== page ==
It's amazing how controversial a simple bean can be. A quick Web search about the dangers of soy churns out sensational statements like "Soy makes men grow breasts" and "Tofu makes you stupid." On the flip side, you'll also find magic-laden claims about soy's cancer fighting and bone-protecting powers. Is soy a wonder food, or is it the bane of healthy diets everywhere? Take a look at the legions of soy studies out there and you'll find that the answer probably lies somewhere in the middle. "There's not a huge amount of data to lend to the worry that soy foods are unsafe," says Connie Weaver, a soy researcher and head of the Department of Foods & Nutrition at Purdue University. "A lot of the animal studies looking for toxic effects feed purified soy compounds in really high doses, more than is likely to be consumed in the diet. In the normal course of the way humans eat soy, there is little evidence of any risk." When it comes to soy's wonder-food potential, Weaver's talk is equally measured. "The literature is mixed," she says, with evidence from some studies supporting and others discounting the food's health claims (its positive effects on bone, for example).
Much of the worry and the wonder about soy centers around its isoflavone phytoestrogens—the naturally occurring, estrogen-like compounds found in the bean. Anecdotes about men developing gynecomastia (breast enlargement) or young girls experiencing early-onset puberty as a result of consuming soy foods are largely just that—anecdotal; the scientific literature offers little, if any, support for such claims. "Phytoestrogens are chemically somewhat similar to estrogen," says Weaver, "but their ability to bind with estrogen receptors is much weaker. So their effect, and therefore their risk too, is a lot less." Weaver adds that Asian populations have eaten whole soy foods for centuries, "and Asians don't have an earlier onset of menarche than Caucasians. In the US you can get supplements that are purified soy isoflavones, and you might be able to take enough to manipulate your reproductive cycles some, but Americans mostly don't eat enough soy to worry about it."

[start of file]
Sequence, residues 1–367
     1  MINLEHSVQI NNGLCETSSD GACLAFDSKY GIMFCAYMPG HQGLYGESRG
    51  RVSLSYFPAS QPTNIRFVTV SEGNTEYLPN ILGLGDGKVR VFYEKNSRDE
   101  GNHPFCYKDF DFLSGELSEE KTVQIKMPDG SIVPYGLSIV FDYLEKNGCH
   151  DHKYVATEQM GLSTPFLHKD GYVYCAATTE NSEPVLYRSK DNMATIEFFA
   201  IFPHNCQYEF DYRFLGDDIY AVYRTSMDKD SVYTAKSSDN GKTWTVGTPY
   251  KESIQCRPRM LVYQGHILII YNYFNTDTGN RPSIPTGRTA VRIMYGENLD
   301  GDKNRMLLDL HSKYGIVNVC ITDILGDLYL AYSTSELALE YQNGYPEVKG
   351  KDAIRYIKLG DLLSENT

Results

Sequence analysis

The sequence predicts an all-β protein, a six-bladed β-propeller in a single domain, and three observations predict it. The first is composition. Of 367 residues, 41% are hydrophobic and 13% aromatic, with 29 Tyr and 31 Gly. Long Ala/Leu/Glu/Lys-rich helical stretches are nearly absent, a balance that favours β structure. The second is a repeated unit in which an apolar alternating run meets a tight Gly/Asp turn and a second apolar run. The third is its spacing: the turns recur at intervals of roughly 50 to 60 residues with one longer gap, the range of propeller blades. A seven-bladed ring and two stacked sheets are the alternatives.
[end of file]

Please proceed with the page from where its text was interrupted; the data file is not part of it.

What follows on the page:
Bottom line: Consumed in moderation by people with no soy allergies, soy foods are safe to eat. Still concerned? Stick with whole-bean forms such as tofu, miso, and edamame, and avoid processed foods made with high concentrations of soy protein isolates.
Being cold causes a cold.
You'd think this one would fall firmly in the camp of folklore, right? Well, think again. A 2005 study conducted at the Common Cold Centre in England found that a drop in body temperature could in fact precipitate a cold. Of the study's 180 participants, half were asked to keep their feet in icy water for long periods, while the other 90 control group participants kept their feet in empty basins. Within five days, 29 percent of those in the ice-water group developed sore throats and runny noses, while only 9 percent of the dry group came down with cold symptoms. The study's authors theorize that cold weather conditions can lower immunity and constrict blood vessels in the nose, allowing a mild, dormant virus to blossom into a full-blown cold.
Bottom line: Zip up your coat. Isn't it nice to know your mother was right about this one?